5. A communal dinner. This works best in a peer group of friends or co-workers, and can make financial sense for everyone involved. Rather than exchanging gifts you aren't sure people will want, plan a dinner where everyone is responsible for one aspect of the meal. Get together to prepare and eat that meal, and you'll find you've given each other something very valuable: each other's time.

6. Baked goods -- with a twist. Baked goods are a time-honored and cost-effective gift. But rather than giving them at the holidays when everyone is already overloaded with food, consider a twist like making your own "cookie of the month club" through which you give small batches of treats throughout the year.

A final caution on gift cards

Gift cards represent a $100 billion annual business, according to research firm CEB TowerGroup. The popularity is understandable. Gift cards are convenient for the giver, and more useful to the recipient than getting something they don't want. Perhaps the most significant thing gift cards have accomplished is they've made it socially acceptable to essentially give money as a gift no matter the nature of the relationship.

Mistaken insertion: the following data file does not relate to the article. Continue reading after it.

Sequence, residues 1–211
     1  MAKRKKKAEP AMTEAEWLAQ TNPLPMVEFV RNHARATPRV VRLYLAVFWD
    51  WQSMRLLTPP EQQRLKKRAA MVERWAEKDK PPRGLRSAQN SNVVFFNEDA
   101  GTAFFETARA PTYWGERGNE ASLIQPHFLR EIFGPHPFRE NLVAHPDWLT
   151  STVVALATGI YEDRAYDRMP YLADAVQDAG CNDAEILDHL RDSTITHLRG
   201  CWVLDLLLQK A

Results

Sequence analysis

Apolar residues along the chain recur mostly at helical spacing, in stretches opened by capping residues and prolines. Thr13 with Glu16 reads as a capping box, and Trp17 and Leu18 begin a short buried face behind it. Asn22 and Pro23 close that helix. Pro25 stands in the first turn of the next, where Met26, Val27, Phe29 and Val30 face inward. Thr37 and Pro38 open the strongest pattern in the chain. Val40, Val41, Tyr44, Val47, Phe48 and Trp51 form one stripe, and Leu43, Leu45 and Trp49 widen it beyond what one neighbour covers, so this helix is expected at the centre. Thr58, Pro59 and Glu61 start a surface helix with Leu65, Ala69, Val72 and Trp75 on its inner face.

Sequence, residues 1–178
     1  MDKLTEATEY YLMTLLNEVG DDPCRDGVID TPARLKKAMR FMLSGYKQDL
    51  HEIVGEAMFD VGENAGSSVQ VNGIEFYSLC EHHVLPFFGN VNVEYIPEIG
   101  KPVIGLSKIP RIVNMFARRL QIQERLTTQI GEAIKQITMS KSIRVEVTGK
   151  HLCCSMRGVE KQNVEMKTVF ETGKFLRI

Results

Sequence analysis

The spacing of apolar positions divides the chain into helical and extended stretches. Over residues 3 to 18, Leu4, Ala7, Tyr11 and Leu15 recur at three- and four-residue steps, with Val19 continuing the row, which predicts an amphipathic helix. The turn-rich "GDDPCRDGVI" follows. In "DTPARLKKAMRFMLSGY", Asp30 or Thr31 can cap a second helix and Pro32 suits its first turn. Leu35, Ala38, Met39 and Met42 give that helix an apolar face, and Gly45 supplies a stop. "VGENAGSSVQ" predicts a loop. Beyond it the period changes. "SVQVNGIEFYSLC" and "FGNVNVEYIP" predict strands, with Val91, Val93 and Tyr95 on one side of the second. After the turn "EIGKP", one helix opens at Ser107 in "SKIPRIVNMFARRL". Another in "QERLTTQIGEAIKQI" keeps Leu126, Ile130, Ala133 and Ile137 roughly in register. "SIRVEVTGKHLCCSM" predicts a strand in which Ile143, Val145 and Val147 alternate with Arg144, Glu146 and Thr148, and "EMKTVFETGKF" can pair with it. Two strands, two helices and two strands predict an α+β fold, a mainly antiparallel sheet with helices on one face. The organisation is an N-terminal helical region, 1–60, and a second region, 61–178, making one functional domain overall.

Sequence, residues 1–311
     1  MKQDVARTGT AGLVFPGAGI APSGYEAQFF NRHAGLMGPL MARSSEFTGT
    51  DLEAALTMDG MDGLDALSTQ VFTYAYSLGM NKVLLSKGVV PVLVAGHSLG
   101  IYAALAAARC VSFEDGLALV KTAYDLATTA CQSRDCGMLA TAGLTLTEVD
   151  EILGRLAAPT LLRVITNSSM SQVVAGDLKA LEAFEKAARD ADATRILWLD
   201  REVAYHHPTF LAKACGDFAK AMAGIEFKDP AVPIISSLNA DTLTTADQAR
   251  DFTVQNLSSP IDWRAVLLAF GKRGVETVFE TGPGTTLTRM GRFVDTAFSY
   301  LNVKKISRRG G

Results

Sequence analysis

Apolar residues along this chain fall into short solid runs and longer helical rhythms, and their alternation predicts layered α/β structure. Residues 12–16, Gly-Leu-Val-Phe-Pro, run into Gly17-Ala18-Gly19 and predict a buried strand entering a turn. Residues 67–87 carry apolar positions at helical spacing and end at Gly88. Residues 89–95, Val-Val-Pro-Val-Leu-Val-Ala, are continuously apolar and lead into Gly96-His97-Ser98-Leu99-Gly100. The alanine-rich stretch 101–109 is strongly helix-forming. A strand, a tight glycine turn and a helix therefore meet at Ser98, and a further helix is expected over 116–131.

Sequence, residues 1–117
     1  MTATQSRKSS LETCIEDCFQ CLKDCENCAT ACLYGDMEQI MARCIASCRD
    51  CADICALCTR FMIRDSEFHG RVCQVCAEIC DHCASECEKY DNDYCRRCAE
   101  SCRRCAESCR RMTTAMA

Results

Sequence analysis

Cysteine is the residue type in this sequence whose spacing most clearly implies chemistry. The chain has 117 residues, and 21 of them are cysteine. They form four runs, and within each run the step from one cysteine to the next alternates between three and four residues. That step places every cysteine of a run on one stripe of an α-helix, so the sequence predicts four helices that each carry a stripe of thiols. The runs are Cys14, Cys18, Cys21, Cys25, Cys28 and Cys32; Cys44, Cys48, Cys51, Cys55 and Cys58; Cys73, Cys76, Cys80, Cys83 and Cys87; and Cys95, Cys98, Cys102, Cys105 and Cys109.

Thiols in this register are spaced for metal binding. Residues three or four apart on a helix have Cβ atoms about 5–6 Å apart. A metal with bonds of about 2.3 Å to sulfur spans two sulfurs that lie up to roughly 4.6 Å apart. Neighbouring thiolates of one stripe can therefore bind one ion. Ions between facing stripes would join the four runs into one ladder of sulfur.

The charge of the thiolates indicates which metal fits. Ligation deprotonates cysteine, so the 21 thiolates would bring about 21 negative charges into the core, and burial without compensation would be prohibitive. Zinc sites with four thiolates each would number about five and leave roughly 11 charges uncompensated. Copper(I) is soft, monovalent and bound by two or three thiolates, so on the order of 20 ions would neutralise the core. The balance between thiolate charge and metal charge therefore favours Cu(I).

But for all their merits, gift cards are not without flaws. Although the 2009 CARD Act cleaned up some of the most onerous terms imposed upon gift card users, many still charge way too much. Gift cards can charge for buying the card, using the card, and for not using the card. Furthermore, people too often simply fail to use the full value of their cards -- an oversight that cost consumers about $2 billion in 2011 alone, according to CEB.

So if you decide to give a gift card, make sure it carries a minimal amount of fees and a distant expiration date. However, if you really want to resemble one of the wise men or women this holiday season, you'll at least consider the sensible alternatives listed above.

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